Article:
, a Shaw Brothers production and looking like their other films from the era, though certainly superior. This, his first film after moving to Taiwan, is a different kettle of fish, with lots of location work and a sense of visual and perhaps to a certain extent narrative freedom that would never fly at Shaw. The way Hu films landscapes... Anthony Mann comes to mind, and that's as high a complement as I can give. And the "classical" editing also strikes me as reminiscent of American classic cinema, in this case John Ford. Everything seems just so, the movement between action, stillness and dialogue is so well judged. As to the story, it's familiar enough, with a couple of kids sent to the frontier after their father has been murdered by the area warlord, only to have the warlord's men come after them, and a motley band assembles to defend them. The way the group comes together seems both random and fate-appointed, and the characterizations though not deep are nicely drawn; I particularly liked the contrast between the rather serious Lingfeng Shangguan, whose art is both graceful, perfectly timed and strong, and Chun Shih, a rather comical figure here but almost Man With No Name-like in his casual deadliness - and the hints of romance between the two are delicious and not at all overdone. The fight sequences and wire-work are a bit primitive I suppose but all in all it's exciting enough and the battles around the inn and the final conflict are perfect in scale and length.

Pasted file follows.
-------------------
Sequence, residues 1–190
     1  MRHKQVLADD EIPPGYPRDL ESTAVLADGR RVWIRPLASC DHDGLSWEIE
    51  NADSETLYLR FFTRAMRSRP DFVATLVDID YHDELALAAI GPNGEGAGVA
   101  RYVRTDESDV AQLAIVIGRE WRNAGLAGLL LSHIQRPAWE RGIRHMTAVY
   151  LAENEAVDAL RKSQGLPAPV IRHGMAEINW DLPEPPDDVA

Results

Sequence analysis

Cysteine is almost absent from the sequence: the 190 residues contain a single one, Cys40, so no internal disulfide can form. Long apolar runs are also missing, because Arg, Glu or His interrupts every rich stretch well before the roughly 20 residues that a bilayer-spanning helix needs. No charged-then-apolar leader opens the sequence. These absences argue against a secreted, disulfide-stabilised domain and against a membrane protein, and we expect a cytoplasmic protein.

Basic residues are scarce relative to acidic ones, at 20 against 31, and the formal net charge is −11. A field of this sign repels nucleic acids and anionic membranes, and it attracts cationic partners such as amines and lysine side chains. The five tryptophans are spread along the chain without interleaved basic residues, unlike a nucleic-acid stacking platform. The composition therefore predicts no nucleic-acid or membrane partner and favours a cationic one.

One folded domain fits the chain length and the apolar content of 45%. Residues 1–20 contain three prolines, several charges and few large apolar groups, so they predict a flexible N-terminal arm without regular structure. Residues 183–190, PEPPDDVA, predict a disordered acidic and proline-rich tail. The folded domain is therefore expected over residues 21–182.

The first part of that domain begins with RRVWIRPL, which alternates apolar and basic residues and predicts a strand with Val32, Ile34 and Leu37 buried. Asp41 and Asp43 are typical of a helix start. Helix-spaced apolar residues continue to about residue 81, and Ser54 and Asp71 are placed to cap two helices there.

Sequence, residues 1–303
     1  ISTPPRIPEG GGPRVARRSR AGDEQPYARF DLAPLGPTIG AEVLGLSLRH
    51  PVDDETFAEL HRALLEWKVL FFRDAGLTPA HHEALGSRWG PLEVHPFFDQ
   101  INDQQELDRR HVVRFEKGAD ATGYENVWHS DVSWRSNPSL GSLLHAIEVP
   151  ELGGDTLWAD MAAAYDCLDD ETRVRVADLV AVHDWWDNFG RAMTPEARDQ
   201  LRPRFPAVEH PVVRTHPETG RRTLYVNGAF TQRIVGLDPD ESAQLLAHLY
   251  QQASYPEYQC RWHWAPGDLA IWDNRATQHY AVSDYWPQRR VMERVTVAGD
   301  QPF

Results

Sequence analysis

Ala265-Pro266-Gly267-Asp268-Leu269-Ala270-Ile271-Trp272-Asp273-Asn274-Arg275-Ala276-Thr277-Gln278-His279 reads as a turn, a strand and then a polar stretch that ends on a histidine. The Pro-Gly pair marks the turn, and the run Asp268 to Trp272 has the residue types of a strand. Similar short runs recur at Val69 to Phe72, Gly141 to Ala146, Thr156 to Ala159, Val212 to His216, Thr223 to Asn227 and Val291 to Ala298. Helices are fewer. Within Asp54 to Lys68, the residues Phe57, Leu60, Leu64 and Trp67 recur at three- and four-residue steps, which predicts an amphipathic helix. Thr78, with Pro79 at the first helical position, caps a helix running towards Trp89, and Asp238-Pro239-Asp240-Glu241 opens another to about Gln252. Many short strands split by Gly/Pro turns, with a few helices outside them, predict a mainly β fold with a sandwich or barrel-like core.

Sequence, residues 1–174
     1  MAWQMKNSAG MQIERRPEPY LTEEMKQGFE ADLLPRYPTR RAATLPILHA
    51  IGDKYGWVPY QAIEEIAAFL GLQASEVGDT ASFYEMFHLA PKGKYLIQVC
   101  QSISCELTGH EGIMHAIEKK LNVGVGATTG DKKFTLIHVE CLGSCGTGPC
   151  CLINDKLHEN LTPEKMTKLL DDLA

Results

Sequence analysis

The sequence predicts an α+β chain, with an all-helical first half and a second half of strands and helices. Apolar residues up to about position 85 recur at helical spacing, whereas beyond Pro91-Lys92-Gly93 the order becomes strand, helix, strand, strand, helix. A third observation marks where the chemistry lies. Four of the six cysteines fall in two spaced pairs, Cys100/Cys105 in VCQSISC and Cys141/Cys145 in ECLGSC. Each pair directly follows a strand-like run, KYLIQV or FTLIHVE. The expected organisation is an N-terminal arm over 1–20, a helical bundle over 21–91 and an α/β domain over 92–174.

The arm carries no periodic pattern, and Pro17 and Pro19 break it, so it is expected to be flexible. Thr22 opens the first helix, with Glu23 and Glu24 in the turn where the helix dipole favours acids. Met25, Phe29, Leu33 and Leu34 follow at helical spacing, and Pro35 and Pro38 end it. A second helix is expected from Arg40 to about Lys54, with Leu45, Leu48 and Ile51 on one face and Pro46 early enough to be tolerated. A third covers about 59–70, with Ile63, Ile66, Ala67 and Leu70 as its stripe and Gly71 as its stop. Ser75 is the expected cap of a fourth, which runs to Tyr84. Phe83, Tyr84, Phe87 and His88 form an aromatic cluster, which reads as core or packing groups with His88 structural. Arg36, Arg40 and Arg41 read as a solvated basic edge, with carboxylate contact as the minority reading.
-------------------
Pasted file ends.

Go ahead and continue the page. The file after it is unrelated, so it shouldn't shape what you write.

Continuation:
29. Sun lung moon hak chan / New Dragon Gate Inn
(Raymond Lee and (uncredited) Siu-Tung Ching/Hark Tsui, 1992)
Lee is the only credited director on this very, very loose remake, and I'm not really familiar enough with his work or that of Siu-Tun Ching, who also co-produced, but this has the mark of co-director/co-writer/co-producer Tsui all over it, full of crazy whip-speed indoor combats, wire-work, jumps, spins, an even stronger emphasis on the female characters (the original only had one main female role), played in this case by the magnificent Maggie Cheung and Brigitte Lin. It's an all-star affair, with Tony Ka Fei Leung as the main good guy and Donnie Yen as the main antagonist, and it probably cost a fair bit of money by HK standards, but on the whole it falls a little flat I think. Oh, I do love parts, particularly my dream girl Maggie as a sort of comic femme fatale, and the last fight sequence is totally outlandish, but much of the action and plot in the middle third are fairly incomprehensible and I gave up really caring what was going on even while still enjoying the crazy action. A better video copy probably would have helped, it's a shame so much Hong Kong cinema is hard to find in top-notch condition.